Daily briefs of the top news stories impacting Christians around the world.
In today's edition:
- D.C. Catholic Charities Drops Spousal Benefits in Gay Marriage Dispute
- Aftershocks, Rain Hamper Aid Distribution in Chile
- Haiti: Rural Areas Risk Chronic Shortages in Caring for Displaced
- Translation Teams Aid in Clean-Up Efforts in Peru Flooding
D.C. Catholic Charities Drops Spousal Benefits in Gay Marriage Dispute
Religion News Service reports that the Archdiocese of Washington's social service branch will stop offering benefits to spouses of new employees. The move is an attempt to balance the District of Columbia's new same-sex marriage law with Catholic opposition to homosexuality. Edward Orzechowski, president and CEO of Catholic Charities of Washington, informed the group's 850 employees of the change in a letter on Monday, two days before gay marriage is scheduled to become legal in the city. "We sincerely regret that we have to make this change," said Orzechowski, "but it is necessary to allow Catholic Charities to continue to provide essential services to the clients we serve in partnership with the District of Columbia while remaining consistent with the tenets of our religious faith." The local Catholic Charities agency serves 120,000 people yearly in the District and five Maryland counties, according to the archdiocese.
Aftershocks, Rain Hamper Aid Distribution in Chile
Mission News Network reports that continuing aftershocks and rain are making it more difficult for aid groups to reach survivors of Saturday's earthquake in Chile. Craig Dyer with Bright Hope International says the group is helping local churches gear up to help the country, where an estimated 2 million people were affected. "We're empowering the local churches in these communities to reach out to the other churches so that people's needs can be met. Right now, it's primarily focused on food and safety. We've released the funds to be able to purchase food, and that's being distributed through the local churches." Parts of the country are currently subject to curfews and military presence in the face of looting and general unrest. Chilean officials said on Wednesday that the death toll has reached 795, a number that will rise as rescue and aid workers continue their efforts.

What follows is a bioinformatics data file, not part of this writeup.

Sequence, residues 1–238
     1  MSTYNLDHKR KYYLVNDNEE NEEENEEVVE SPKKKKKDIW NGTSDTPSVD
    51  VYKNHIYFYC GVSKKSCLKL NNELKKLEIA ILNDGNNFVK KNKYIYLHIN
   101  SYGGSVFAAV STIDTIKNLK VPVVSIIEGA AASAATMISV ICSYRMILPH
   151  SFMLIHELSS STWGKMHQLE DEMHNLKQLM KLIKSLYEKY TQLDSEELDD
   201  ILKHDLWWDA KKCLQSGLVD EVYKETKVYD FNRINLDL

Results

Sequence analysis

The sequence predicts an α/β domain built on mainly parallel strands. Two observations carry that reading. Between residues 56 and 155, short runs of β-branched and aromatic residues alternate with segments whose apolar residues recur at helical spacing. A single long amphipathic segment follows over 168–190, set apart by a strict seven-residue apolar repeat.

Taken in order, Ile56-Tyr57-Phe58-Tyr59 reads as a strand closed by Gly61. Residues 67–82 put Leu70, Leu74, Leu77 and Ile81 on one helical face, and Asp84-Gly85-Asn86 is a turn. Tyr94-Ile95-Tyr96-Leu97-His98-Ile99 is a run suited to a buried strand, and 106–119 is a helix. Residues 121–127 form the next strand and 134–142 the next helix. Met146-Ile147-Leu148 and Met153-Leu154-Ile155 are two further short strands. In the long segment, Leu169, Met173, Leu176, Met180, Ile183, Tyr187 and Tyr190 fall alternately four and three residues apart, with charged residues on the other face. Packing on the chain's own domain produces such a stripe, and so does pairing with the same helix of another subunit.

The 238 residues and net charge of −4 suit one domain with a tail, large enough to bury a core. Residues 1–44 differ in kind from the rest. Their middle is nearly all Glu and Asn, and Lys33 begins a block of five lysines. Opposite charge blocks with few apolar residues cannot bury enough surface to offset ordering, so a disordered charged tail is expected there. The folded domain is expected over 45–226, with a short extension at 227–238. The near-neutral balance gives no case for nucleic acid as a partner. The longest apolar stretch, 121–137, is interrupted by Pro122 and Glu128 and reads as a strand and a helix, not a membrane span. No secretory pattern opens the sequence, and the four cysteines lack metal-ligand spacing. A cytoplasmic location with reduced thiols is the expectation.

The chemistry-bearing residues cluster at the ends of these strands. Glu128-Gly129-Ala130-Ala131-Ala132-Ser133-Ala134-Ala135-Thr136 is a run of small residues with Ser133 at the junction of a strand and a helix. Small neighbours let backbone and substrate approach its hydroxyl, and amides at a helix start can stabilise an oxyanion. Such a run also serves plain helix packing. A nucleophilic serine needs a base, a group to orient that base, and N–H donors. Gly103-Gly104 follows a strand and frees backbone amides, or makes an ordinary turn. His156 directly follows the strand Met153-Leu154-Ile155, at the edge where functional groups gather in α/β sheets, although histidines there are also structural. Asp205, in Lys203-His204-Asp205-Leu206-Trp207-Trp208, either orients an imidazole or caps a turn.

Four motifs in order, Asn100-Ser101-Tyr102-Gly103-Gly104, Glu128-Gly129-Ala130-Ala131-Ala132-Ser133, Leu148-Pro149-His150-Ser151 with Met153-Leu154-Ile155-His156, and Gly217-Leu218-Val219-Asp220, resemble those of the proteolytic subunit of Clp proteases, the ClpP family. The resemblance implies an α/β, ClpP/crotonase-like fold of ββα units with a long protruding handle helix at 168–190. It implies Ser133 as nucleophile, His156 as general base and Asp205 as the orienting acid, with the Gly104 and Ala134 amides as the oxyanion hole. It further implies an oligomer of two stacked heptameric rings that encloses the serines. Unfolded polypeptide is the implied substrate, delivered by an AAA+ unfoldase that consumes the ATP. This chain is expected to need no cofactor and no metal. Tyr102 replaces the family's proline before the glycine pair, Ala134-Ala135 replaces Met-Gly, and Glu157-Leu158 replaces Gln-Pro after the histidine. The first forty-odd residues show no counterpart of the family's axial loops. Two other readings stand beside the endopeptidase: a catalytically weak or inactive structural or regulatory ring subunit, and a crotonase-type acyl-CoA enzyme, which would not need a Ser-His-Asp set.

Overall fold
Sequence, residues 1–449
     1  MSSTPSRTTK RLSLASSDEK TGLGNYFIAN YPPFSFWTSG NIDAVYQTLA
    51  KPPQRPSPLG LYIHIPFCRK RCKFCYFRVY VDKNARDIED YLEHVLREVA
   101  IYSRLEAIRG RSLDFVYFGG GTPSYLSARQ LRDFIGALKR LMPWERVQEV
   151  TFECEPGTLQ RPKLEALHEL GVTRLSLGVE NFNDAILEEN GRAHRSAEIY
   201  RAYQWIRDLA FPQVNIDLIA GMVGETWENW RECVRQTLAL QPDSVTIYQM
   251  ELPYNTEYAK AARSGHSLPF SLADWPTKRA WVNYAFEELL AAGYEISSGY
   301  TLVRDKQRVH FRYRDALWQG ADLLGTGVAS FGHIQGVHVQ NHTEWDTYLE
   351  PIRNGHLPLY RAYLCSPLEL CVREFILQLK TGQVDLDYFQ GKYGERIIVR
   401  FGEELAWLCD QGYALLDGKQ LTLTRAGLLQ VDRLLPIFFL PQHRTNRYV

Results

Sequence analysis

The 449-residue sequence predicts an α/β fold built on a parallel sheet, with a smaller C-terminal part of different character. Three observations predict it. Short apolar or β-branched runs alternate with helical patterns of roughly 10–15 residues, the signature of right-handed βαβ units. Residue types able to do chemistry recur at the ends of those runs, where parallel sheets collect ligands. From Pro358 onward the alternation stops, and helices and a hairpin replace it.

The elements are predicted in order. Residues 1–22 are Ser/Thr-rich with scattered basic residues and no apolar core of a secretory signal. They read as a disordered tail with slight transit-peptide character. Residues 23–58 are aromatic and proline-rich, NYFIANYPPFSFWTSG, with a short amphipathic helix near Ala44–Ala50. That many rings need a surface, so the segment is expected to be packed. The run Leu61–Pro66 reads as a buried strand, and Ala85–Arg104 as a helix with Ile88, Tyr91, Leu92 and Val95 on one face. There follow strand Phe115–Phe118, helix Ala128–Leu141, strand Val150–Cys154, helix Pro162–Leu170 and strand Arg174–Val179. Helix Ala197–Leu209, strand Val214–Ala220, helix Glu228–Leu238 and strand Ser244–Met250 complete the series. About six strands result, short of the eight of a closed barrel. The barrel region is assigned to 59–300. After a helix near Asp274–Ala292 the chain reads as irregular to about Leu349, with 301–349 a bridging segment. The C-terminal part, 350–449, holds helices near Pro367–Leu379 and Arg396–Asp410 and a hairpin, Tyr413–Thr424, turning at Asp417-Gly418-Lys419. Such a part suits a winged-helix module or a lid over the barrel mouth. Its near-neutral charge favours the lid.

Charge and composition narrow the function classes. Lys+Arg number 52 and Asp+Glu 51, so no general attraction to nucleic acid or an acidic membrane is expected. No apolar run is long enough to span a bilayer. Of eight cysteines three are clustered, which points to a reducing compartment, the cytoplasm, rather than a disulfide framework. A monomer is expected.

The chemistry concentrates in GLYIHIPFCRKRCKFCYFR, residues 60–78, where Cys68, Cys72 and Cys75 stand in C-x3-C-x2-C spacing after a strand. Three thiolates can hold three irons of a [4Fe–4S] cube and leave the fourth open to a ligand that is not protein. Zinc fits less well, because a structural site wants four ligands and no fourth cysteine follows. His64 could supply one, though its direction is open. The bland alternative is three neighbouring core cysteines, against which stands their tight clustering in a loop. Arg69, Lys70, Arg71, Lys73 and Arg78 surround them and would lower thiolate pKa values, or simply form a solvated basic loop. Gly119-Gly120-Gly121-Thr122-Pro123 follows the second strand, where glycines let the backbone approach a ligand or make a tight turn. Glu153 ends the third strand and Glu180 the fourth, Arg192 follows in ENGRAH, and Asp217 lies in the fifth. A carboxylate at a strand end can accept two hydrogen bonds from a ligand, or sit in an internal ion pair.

Haiti: Rural Areas Risk Chronic Shortages in Caring for Displaced
Christian Newswire reports that Haiti's rural communities are at risk for chronic food and water shortages as the burden to care for the displaced grows. According to relief and development group World Vision, families in these communities are struggling to cope with the influx of people seeking refuge from the destruction in the capital city. As the rainy season approaches, this influx could further burden communities and lead to more displacement and deeper poverty as resources are rapidly depleted. "Haiti's rural communities were already struggling to make ends meet before the earthquake," said Jean-Claude Mukadi, the relief response manager for World Vision in Haiti. "Now, as people continue to arrive in these communities, joining the hundreds of thousands who have already fled, they are all looking for food, water, and shelter."
Translation Teams Aid in Clean-Up Efforts in Peru Flooding
Wycliffe Associates reports that its associates brought construction skills to its translation efforts in Peru. In late January, volunteers that were already on a construction assignment in Peru to help with clean-up efforts in the aftermath of the flooding of the Vilcanota River near Machu Picchu. The flooding stranded some 4,000 Machu Picchu tourists for up to five days and destroyed thousands of villages, farms and homes surrounding Cusco and Abancay. Excess mud has contaminated Cusco's water supply, preventing access to fresh water in the area. Wycliffe volunteers and ATEK, a national Christian organization based in Peru, shifted from efforts to build a literacy and training center in Cusco to sandbagging and clean-up efforts. About 1.5 million people throughout the Andes, including Cusco, speak Quechua. According to one Wycliffe worker, "People will walk two hours to attend these [literacy] classes—that's how powerful the allure of literacy."